Police enforcing seatbelt use

Christina Calloway

Sande Barnes believes she is living proof that seatbelts save lives.

That’s why she’s in full support of Operation Buckle Down, a state-funded effort by the Portales Police Department this month to enforce seatbelt and child safety restraint.

Barnes, a 60-year-old Portales resident and Army veteran, says she has avoided serious or even fatal injuries in a pair of vehicle accidents when she lived in Indiana as a result of wearing a seatbelt.

“In the first situation had I not been in my seatbelt, I would have been through the windshield,” said Barnes, whose car was struck almost head on by a truck during a rain storm. “The thing is, very rarely is a seatbelt not an aid in safety.”

In the second accident when her car skidded off the road and overturned, the seatbelt pulled her into the seat and protected her.

“The person who called 911 said, ‘whoever is in that little black car could not possibly be alive,’” said Barnes. “So they brought a (coroner’s vehicle) out to my car. I told them I wasn’t ready for that yet.”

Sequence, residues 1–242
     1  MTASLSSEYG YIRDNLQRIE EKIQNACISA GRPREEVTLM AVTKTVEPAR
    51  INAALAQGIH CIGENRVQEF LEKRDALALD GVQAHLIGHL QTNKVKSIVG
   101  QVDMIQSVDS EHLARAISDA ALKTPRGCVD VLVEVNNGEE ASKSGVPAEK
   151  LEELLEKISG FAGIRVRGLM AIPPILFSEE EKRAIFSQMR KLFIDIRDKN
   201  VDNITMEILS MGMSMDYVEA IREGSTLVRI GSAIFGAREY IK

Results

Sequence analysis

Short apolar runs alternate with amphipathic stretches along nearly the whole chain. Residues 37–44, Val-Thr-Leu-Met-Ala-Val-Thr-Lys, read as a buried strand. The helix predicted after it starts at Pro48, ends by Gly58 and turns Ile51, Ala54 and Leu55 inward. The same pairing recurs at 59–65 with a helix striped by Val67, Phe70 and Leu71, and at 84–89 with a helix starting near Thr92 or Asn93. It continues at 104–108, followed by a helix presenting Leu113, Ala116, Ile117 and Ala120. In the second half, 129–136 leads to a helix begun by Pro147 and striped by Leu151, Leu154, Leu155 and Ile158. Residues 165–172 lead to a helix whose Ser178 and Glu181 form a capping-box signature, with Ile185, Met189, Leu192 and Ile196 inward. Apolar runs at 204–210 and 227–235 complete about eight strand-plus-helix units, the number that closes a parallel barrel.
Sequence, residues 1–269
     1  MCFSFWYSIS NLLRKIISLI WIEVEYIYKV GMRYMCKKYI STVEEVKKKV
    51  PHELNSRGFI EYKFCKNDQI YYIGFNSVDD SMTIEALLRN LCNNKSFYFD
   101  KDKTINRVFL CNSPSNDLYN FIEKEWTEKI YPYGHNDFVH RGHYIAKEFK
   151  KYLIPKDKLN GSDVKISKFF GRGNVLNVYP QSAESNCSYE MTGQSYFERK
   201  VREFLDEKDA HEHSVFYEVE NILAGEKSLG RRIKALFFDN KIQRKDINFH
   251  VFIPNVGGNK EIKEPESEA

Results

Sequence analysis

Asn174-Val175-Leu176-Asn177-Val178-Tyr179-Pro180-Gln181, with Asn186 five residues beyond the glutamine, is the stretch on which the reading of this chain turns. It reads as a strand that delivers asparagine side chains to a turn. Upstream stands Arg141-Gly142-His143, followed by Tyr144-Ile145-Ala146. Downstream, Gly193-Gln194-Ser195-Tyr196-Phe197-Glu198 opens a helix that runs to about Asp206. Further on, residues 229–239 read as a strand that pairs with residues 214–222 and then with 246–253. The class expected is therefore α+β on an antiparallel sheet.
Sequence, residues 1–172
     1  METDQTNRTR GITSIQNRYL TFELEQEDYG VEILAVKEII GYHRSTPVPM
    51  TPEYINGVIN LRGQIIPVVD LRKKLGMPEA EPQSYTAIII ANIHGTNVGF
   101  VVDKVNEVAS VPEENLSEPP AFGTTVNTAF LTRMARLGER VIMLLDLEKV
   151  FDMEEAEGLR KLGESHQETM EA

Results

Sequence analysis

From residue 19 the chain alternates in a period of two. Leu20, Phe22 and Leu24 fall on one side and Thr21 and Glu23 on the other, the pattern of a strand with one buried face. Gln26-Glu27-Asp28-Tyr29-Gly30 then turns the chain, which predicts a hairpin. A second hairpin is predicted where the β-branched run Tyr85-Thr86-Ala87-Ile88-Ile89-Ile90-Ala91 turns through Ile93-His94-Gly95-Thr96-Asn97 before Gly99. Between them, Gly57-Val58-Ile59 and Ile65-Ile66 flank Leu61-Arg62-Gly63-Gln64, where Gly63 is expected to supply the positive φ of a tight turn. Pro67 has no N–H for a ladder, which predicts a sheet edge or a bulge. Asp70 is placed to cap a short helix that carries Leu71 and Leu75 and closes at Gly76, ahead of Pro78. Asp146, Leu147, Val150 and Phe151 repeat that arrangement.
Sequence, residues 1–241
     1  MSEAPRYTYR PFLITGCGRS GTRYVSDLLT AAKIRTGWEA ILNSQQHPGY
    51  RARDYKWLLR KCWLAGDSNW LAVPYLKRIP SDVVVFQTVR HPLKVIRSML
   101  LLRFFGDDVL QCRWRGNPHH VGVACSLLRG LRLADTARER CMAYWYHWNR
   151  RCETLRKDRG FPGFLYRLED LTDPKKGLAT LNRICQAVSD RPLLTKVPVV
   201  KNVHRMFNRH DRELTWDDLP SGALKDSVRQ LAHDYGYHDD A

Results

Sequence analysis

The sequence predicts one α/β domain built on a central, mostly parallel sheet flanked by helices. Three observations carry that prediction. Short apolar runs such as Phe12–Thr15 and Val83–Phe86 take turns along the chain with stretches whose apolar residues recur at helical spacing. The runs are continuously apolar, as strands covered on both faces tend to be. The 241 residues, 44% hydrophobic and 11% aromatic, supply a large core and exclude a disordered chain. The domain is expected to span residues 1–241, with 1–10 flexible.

Operation Buckle Down started Jan. 9.

The grant allows the Portales Police Department to pay patrol officers overtime to concentrate specifically on seatbelt and child safety violations.

“We’ve been enforcing these laws all along but now we’re doing it on a bigger scale with officers dedicated to enforce them,” said Sgt. Kane Wyatt of the Portales Police Department. “Our hope is that we will increase compliance with those laws and reduce injury crashes because our main concern is that motorists are being safe.”

Wyatt is hopeful doing a public information campaign for Operation Buckle Down will bring awareness about seatbelt safety.

In 2011, there were 45 citations for child restraint violations and 91 for seatbelt violations in the city of Portales, according to Wyatt.

“Our motivation is to reduce injury crashes, we would rather educate the public and see them comply with those laws than to issue a citation,” Wyatt said. “We will be out enforcing those laws in an effort to ensure public safety.”

Barnes is also a stickler for proper child restraint safety because she is convinced that is the reason why her two granddaughters survived a automobile accident when they were young.

“Those little girls are so beautiful and so precious that I cannot imagine a life without them,” Barnes said.

Wyatt said later this year the Portales police would like to sponsor a child safety restraint clinic.